Wednesday, March 21, 2012

Review: Under the Poppy

Read 2/14/12 - 3/7/12
4 Stars - Strongly Recommended to readers who don't get their panties in a bunch over a few bawdy puppets
Pgs: 360
Publisher: Small Beer Press

Holy brothels and puppets, Batman! Under the Poppy is quite unlike any other literary fiction I have ever read and while that's a really good thing for me, if you are terrified of puppets... then that could be a very, very bad thing for you. Now, don't get me wrong. These aren't scary come-to-life-and-get-all-Puppet Master-on-your-ass puppets. But they're, ya' know... puppets!

Let me break this down for you. Set in the late 1800's, in the midst of a war that is just beginning to boil, there sits a wonderfully campy brothel. This brothel, cleverly called Under the Poppy, is owned and operated by childhood companions Decca and Rupert. Decca runs the Poppy in much the same way Miss Hannigan ran the orphanage in Annie - she can't stand her girls, but loves her job. She keeps the brothel running in tip-top shape, pulling the customers in and working the girls morning, noon, and night. She takes shit from no one and dishes out more than her fair share of it. Rupert, on the other hand, is looked upon as a sort of Daddy Warbucks (if you'll allow me to continue the Annie references since I think it fits this book in a strangely appropriate way). He's the brains behind the business, always slipping out for a meeting here or there, dressed to the nines, a true schmoozer. He softens Decca's blows behind her back, allowing the girls of the brothel some down-time now and again.

Decca, for all her tough exterior, has pie-eyes for Rupert, but Rupert much prefers the company of her brother Istvan, who suddenly reappears at the Poppy after years of silence. With him, he carries a troupe of puppets who bring a much needed change to the brothel. Mixing his rather bawdy puppets into the evening performances with the girls, the crowds go wild, and catch the attention of some rather rough and rowdy military men. In the midst of the strange love-triangle that begins to brew inside, situations outside the Poppy are straining as well, with the impending war putting the pressure on them from all sides. Favors are called in, decisions must be made, puppets and people alike struggle to keep their heads on straight, and as the tempers flair and people begin to die, Decca and Rupert find themselves at odds when it comes to what is best for themselves and the Poppy.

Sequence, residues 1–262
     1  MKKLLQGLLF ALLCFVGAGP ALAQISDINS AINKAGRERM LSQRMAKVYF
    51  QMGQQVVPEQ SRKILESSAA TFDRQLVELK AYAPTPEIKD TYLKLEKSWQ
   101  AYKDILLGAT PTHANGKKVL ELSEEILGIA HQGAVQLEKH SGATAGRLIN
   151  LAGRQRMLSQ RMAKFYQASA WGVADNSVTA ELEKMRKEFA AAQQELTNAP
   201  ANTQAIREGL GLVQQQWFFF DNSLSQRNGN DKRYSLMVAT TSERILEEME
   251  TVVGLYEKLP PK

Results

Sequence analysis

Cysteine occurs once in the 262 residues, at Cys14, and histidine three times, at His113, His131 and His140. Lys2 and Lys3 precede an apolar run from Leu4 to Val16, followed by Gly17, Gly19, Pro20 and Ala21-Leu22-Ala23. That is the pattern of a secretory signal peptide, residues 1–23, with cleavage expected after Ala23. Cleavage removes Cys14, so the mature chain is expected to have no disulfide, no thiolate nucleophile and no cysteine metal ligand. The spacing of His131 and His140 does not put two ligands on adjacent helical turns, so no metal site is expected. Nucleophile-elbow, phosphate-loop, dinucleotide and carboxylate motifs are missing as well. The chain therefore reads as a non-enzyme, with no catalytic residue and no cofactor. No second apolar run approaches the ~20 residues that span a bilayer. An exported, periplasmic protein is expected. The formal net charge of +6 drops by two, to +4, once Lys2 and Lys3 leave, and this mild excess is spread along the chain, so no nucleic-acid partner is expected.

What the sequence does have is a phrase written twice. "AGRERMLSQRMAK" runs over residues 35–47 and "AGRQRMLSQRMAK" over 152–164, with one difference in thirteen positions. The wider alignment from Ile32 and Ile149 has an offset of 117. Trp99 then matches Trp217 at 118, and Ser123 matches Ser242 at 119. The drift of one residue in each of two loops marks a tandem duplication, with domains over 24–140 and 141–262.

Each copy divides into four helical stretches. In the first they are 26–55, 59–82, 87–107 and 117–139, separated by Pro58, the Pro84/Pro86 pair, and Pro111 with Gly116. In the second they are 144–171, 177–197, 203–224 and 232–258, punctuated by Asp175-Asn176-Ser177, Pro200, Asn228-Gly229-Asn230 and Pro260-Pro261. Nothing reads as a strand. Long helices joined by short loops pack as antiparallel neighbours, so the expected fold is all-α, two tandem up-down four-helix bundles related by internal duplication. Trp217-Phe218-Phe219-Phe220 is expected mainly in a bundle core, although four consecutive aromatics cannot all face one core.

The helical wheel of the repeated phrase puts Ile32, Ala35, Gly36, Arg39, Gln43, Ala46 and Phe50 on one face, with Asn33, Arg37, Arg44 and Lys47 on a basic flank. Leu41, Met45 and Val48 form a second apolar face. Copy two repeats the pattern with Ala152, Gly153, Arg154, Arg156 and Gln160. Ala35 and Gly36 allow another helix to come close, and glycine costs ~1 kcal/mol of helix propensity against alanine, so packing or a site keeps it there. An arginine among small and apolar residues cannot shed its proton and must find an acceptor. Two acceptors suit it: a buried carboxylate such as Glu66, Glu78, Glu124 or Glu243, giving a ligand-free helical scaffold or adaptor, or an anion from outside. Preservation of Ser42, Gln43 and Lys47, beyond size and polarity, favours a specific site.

Under the Poppy has this incredible old world feel to it - lush, rich writing that wraps you up inside of it and makes you woozy with its words. And author Kathe Koja doesn't skimp on anything. The book is bursting with sex and violence, love and lust, blackmail and revenge, naughty puppets and naive prostitutes. Everyone's got deep dark secrets they wish to protect and skeletons bound and gagged in the back of their closets. And as they each work furiously to keep these things hidden from sight, everyone unwittingly becomes someone else's puppet....

Small Beer Press is a new publisher for me. I discovered them, and this novel, through a link that Consortium Books shared during one of their #indieview twitter chats. The link listed countless book trailers to independently published novels. That's where I saw this, and decided I needed to get a copy post haste:

Funnily enough, this book contains two things I am not a huge fan of: war as a setting, circumstance of, or character within fiction, and puppets. The war thing is just a personal preference. It's a bit like football playoffs for me - I can't keep the teams and their players straight, I don't remember who fought who when, and I can never remember the score. Puppets, on the other hand, are things that instill an irrational fear in me. They are extremely creepy looking - and too life like for me - and I always wonder "what if they become self aware?". I have good old fashioned American horror flicks and tv shows to thank for all of that!

However, in Under the Poppy, they both work and work well together. Just be prepared for the puppets to exhibit some... uhm...  un-puppet like behavior. By the way, did you know that Under the Poppy has been adapted to the stage? Check out some of the stuff that has been taking place out in Detroit.

Let me close with this - Under the Poppy is a book that begs for a great soundtrack as you read. I found that my darker alternative tastes fit the bill extremely well. Almost too perfectly, in fact. The music of She Wants Revenge, Peter Murphy, The Cure, Depeche Mode, Portishead and The Cult blended right into the pages of the book like so much spilled wine. There something a little sexy, a little S&M, a little sad in each one of these...

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